All About Jazz

Home » Articles » CD/LP/Track Review

622

Aaron Parks: Invisible Cinema

John Kelman By

Sign in to view read count
If ever there were a supporting case for the importance of mentoring in jazz, it would be Aaron Parks. The pianist began playing with trumpeter Terence Blanchard in 2003 at the age of 18 and, over the course of three albums culminating in last year's deeply moving A Tale of God's Will (Blue Note, 2007), has grown into a mature player whose early promise is already being realized. With inimitable technique and open ears, he seems to have bypassed the youthful peril where technique is the end rather than the means. On his debut as a leader, Parks proves himself a player and composer of great depth, with a truly cinematic vision that embraces the challenge of complexity as much as it does the demand of creating simple, evocative melodies.

Parks has recruited a stellar group of rising stars for Invisible Cinema. Guitarist Mike Moreno's Between the Lines (World Culture Music, 2007) was a masterful debut, demonstrating similar maturity beyond his age and an embracive approach blending tradition with progressive elements. The increasingly in-demand bassist Matt Penman marries pulse and melody, matching Parks' ability to shift from knotty rhythms to near-folkloric innocence. Drummer Eric Harland's broad reach has found him equally comfortable with the spiritually invested free play of saxophonist Charles Lloyd's Rabo de Nube (ECM, 2008) and the more explosive energy of guitarist Kurt Rosenwinkel's The Remedy (ArtistShare, 2008). Together, they're a flexible quartet that blends the language of jazz with more contemporary and, at times, powerful indie rock concerns.

The opening "Travelers" marries ethereality with fervency in equal doses, Parks' solo a marvel of layered spontaneity that leans towards classicism in addition to jazz orthodoxy. A trio track where Harland and Penman push the insistent groove with nuance rather than overt power, it sets a high bar for the rest of the disc.

Moreno joins for the episodic "Peaceful Warrior," where lyricism and Pat Metheny-esque expansiveness still allow plenty of freedom. Parks and Moreno trade lengthy choruses over its 9/8 middle section, Penman and Harland pushing and pulling the two soloists as they weave in and around the changes.

If Radiohead were more sophisticated they might record a track like "Nemesis." Harland's backbeat and Parks' repetitive piano figure drive Moreno's sharp, overdriven melody, another solo section where guitar and piano again alternate, hypnotically building the energy. Piano is Parks' main axe, but here he layers mellotron, glockenspiel and additional keyboards to create an image-rich soundscape. The group revisits "Harvesting Dance," from Blanchard's Flow (Blue Note, 2005), but Parks' smaller line-up breathes more, its Spanish ambience building into a fiery solo from Moreno that's a highlight of the disc.

For an artist not yet 25, Invisible Cinema is refreshingly fully formed—amongst the year's best releases, it represents one possible future of jazz. With plenty to appeal to long-term, open-minded jazz fans, Parks' incorporation of familiar reference points also makes it a good bet to attract younger listeners.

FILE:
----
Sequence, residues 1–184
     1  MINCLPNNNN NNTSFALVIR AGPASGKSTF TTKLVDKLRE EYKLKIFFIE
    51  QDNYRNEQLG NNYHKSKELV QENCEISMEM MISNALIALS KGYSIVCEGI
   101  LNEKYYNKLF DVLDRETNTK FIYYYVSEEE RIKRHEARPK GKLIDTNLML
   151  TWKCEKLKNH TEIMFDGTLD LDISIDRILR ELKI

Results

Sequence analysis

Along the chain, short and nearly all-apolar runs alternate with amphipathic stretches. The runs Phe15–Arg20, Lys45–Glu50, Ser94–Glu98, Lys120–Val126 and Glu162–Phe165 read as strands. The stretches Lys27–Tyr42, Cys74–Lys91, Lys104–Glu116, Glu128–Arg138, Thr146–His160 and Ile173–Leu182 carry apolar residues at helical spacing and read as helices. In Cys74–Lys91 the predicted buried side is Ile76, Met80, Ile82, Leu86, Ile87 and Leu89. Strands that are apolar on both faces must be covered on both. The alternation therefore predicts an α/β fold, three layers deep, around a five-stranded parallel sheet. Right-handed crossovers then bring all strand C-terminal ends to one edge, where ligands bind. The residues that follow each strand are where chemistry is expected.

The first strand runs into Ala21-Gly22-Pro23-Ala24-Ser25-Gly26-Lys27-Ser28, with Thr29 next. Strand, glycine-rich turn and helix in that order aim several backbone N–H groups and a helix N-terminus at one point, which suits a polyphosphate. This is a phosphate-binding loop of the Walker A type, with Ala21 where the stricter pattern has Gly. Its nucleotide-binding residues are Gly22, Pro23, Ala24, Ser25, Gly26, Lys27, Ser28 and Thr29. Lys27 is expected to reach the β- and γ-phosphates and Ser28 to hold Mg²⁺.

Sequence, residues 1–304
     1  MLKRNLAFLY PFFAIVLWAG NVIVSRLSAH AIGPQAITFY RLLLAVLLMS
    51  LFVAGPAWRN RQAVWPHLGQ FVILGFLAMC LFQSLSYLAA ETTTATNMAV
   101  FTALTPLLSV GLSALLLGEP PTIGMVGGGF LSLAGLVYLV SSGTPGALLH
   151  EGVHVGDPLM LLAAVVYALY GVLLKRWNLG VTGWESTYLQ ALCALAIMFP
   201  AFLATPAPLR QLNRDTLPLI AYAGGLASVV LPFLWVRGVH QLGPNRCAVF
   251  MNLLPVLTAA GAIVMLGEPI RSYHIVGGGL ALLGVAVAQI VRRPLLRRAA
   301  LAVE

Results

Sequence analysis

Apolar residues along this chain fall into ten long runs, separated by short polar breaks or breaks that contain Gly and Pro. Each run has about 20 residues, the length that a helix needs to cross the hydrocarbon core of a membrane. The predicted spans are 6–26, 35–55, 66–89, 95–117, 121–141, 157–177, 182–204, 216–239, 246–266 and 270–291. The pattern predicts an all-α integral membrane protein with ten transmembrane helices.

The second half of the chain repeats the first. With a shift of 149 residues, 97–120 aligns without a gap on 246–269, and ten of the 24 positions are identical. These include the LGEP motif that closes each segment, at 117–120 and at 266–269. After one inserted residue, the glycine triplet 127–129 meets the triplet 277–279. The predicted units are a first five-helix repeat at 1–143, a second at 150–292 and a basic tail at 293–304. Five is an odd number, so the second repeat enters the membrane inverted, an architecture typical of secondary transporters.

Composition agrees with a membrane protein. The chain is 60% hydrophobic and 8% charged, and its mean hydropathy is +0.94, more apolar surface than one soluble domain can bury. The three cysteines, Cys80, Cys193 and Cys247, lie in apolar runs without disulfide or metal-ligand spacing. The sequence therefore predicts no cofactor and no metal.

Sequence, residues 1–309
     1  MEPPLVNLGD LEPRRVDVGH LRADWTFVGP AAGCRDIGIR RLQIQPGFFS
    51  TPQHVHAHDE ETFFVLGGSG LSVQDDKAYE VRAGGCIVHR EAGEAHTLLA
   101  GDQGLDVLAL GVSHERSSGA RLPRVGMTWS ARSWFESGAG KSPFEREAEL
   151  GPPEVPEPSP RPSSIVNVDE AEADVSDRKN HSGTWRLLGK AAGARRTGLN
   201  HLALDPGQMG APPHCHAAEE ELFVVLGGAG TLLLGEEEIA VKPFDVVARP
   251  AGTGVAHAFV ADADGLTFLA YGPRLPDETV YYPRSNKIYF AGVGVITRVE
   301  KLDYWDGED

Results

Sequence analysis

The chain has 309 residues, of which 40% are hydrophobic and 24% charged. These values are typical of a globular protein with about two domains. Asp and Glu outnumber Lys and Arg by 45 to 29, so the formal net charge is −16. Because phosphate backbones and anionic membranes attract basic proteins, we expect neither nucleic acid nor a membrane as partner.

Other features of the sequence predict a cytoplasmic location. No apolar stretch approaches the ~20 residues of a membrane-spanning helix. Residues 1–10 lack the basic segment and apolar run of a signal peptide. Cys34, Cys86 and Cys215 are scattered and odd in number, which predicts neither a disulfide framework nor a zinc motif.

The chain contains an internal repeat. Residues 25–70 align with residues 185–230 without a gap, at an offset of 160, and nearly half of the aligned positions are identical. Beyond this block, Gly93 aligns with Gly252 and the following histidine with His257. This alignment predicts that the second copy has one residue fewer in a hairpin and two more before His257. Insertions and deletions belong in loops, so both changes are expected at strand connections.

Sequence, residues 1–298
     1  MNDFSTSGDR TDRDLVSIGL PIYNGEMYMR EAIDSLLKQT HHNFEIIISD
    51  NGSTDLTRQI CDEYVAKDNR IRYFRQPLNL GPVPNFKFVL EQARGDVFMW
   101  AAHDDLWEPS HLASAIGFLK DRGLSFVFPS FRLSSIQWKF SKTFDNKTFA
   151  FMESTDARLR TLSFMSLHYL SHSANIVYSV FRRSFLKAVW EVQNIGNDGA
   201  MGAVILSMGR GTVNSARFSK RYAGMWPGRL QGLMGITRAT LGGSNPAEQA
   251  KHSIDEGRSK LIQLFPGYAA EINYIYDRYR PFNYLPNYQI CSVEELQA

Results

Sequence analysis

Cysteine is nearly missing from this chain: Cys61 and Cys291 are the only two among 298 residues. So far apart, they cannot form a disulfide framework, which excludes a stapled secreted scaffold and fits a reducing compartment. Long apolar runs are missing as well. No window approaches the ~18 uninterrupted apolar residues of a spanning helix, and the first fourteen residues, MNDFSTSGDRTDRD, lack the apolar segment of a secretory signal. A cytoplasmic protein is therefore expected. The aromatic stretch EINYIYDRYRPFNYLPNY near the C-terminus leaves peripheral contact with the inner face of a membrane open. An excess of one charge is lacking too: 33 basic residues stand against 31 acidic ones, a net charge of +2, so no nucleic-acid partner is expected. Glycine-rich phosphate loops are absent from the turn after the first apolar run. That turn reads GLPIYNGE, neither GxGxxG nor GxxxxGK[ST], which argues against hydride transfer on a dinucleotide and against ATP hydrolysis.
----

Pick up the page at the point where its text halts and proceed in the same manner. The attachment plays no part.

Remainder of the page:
Track Listing: Travelers; Peaceful Warrior; Nemesis; Riddle me This; Into the Labyrinth; Karma; Roadside Distraction; Harvesting Dance; Praise; Afterglow.

Personnel: Aaron Parks: piano, mellotron (3), glockenspiel (3), keyboards (3, 5, 6, 8); Mike Moreno: guitar (2-4, 6-9), Matt Penman: bass (1-4, 6-9); Eric Harland: drums (1-4, 6-9).

Title: Invisible Cinema | Year Released: 2008 | Record Label: Blue Note Records

Tags

comments powered by Disqus

Nemesis

Nemesis

Aaron Parks
Invisible Cinema

Interviews
CD/LP/Track Review
Live Reviews
CD/LP/Track Review
Read more articles
Find the Way

Find the Way

ECM Records
2017

buy
Duets in June

Duets in June

Gateway Music
2016

buy
Arborescence

Arborescence

ECM Records
2013

buy
Invisible Cinema

Invisible Cinema

Blue Note Records
2008

buy

Related Articles

Read Love & Peace CD/LP/Track Review
Love & Peace
by Karl Ackermann
Published: February 20, 2018
Read La Saboteuse CD/LP/Track Review
La Saboteuse
by Chris May
Published: February 20, 2018
Read Cosmic Playground CD/LP/Track Review
Cosmic Playground
by Don Phipps
Published: February 20, 2018
Read Memories of Maynard CD/LP/Track Review
Memories of Maynard
by Nicholas F. Mondello
Published: February 20, 2018
Read For Gyumri CD/LP/Track Review
For Gyumri
by Nenad Georgievski
Published: February 19, 2018
Read Sextet (Parker) 1993 CD/LP/Track Review
Sextet (Parker) 1993
by Mark Corroto
Published: February 19, 2018
Read "Song of the Silver Geese" CD/LP/Track Review Song of the Silver Geese
by Hrayr Attarian
Published: December 18, 2017
Read "Twin" CD/LP/Track Review Twin
by Fiona Ord-Shrimpton
Published: April 6, 2017
Read "Mandorla Awakening II: Emerging Worlds" CD/LP/Track Review Mandorla Awakening II: Emerging Worlds
by Hrayr Attarian
Published: August 6, 2017
Read "Solos" CD/LP/Track Review Solos
by Dan McClenaghan
Published: January 24, 2018
Read "Monk's Cha Cha" CD/LP/Track Review Monk's Cha Cha
by Dan Bilawsky
Published: March 8, 2017
Read "Mannequins" CD/LP/Track Review Mannequins
by Hrayr Attarian
Published: June 9, 2017